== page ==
Serious question before watching NOBODY: do you think you could take Bob Odenkirk in a fist fight? For me, it’s hard to say, as the closest I’ve ever gotten to a fight is saying something mean about someone’s mother, and the idea of fighting a 50-something actor who specializes in playing comedic goofs or warming father figures could seem like ideal conditions for me to sneak out a victory. However, I’d still give the edge to Odenkirk based on the simple fact that his apparent easy-goingness might be masquerading some violent creature beneath (as one would assume for all actors). What NOBODY ends up displaying is that you could not, in fact, take Bob Odenkirk in a fight, much less the RZA and Christopher Lloyd.
Falling in line with other “middle aged men addressing their midlife crises through violence” films, NOBODY exists to deliver the image of Bob Odenkirk beating ass, and for the most part, the film succeeds in turning the father of many LITTLE WOMEN and former MR.SHOW into an unstoppable Russian murdering machine. More in line with the multitude of Liam Neeson tough guys than Keanu Reeves’ pushed to the edge JOHN WICK, Odenkirk plays Hutch, as a past his prime man who spends his time working at his construction office job, getting the cold shoulder from his wife (Connie Nielsen, workmanlike in her approach to the typical “wife of a badass” role), and always missing trash day. In more ways than one, the man is trapped in a life he never expected, much less wanted. It’s a fate destined for most men it seems but of course Hutch harbors a vicious side to him, which is unearthed when his family home is robbed and he hardly does a dent in the criminals. From there, writer Derek Kolstad and director Ilya Naishuller quickly get about to getting Hutch, who, *surprise surprise* turns out to be some kind of former badass (with the codename of “Nobody”) involved with a violent Russian mob and its patriarchal leader (Aleksey Serebryakov).
In quick succession, old men kick the asses of jackass youths, sing their hearts out to karaoke and generally dispel the idea that these seemingly pathetic Boomers are past their prime. There’s also hints at a larger Russian crime syndicate at play here (ala the deeper, increasingly convoluted underworld of JOHN WICK) but here, that idea mainly exists simply to give some bad guys for Odenkirk to knock off. There’s also an interesting similarity that emerges between protagonist and antagonist; two old guys violently and desperately still trying to prove that they are still unfuckwitable killing machines but even that is an idea that’s blown off by the promise of more Odenkirk ass-kicking. And kick their asses he does as Mr. Naishuller (who delivered the first person rowdiness in HARDCORE HENRY) once more crafts delightfully staged fights that show off Hutch’s skills in both firearms and hand to hand combat. Whether with his own hands or with variety of weapons he unleashes, Mr. Odenkirk proves to be a surprisingly capable action star, falling in-between the smooth assassin skills of Keanu Reeves and the brutal, old man strength of Liam Neeson, ultimately offering the unique visual deriving joy image of Bob Odenkirk stabbing and punching stereotypical goons to death. There’s no morality at play here — even though interestingly this thematic absence casts Odenkirk’s character as someone who might straight up be somewhat of a sociopath— and NOBODY benefits from not getting too cute with any moral themes of that nature even if that blank space ultimately leaves a lot of scenes that don’t involve fighting or shooting feeling like wheel spinning.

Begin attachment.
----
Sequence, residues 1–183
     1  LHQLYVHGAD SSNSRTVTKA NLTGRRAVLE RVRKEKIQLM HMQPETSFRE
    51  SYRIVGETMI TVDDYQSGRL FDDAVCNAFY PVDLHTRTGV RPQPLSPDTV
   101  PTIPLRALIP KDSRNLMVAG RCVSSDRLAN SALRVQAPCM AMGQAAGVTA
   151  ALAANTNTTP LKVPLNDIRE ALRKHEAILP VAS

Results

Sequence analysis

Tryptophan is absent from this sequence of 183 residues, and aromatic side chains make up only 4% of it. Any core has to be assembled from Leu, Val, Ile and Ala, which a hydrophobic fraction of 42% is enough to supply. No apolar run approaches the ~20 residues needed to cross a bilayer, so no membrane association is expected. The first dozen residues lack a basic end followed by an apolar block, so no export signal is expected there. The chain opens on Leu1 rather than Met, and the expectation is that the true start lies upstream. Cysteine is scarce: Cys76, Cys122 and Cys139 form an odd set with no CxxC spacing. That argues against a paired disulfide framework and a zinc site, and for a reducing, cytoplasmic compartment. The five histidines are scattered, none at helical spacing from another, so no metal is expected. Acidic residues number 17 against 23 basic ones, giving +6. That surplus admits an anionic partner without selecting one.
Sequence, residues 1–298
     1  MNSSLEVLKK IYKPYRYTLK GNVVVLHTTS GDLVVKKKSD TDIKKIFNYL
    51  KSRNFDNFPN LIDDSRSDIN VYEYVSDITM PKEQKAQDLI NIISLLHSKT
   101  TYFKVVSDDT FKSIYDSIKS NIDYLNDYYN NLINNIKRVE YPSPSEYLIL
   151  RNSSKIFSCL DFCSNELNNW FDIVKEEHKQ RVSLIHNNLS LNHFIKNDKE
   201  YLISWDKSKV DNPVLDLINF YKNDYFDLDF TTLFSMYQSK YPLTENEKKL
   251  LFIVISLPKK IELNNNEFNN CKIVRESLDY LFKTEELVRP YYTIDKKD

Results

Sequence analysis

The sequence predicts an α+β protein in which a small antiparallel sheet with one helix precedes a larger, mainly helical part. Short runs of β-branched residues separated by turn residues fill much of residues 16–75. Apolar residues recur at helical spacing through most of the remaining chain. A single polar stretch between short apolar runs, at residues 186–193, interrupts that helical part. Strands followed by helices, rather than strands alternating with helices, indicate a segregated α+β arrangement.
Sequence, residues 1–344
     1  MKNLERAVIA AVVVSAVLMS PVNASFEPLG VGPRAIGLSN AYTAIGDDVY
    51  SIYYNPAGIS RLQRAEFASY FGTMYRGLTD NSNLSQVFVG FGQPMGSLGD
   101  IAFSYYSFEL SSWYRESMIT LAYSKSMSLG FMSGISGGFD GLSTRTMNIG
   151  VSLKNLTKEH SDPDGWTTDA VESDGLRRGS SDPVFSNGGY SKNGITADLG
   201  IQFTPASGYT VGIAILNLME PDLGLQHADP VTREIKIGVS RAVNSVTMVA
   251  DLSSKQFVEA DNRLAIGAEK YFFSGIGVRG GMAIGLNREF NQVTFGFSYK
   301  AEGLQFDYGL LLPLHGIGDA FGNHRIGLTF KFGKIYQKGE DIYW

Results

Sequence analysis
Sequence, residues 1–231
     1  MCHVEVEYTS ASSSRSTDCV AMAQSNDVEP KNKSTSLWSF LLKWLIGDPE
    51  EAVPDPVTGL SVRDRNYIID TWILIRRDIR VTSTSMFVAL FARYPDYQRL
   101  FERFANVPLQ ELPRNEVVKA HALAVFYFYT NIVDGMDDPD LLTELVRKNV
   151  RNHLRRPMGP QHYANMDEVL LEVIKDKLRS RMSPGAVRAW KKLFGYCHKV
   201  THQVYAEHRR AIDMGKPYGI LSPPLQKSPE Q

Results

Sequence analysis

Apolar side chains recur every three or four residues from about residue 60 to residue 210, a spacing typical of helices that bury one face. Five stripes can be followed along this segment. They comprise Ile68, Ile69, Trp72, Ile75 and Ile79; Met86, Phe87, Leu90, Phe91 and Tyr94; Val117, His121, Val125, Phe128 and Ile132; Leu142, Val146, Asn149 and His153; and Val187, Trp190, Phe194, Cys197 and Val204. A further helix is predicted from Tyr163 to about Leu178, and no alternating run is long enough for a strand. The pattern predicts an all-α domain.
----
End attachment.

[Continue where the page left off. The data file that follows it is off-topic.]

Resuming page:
All that matters little though when it somehow results in a climactic showdown involving HOME ALONE-type booby trapping and the likes of Odenkirk, RZA and Christopher Lloyd blasting bad guys away. NOBODY doesn’t reinvent the wheel of cinema here (much less its own sub-genre) but it does more or less deliver the promise of seeing Bob Odenkirk kick literal ass and that’s an admirable accomplishment.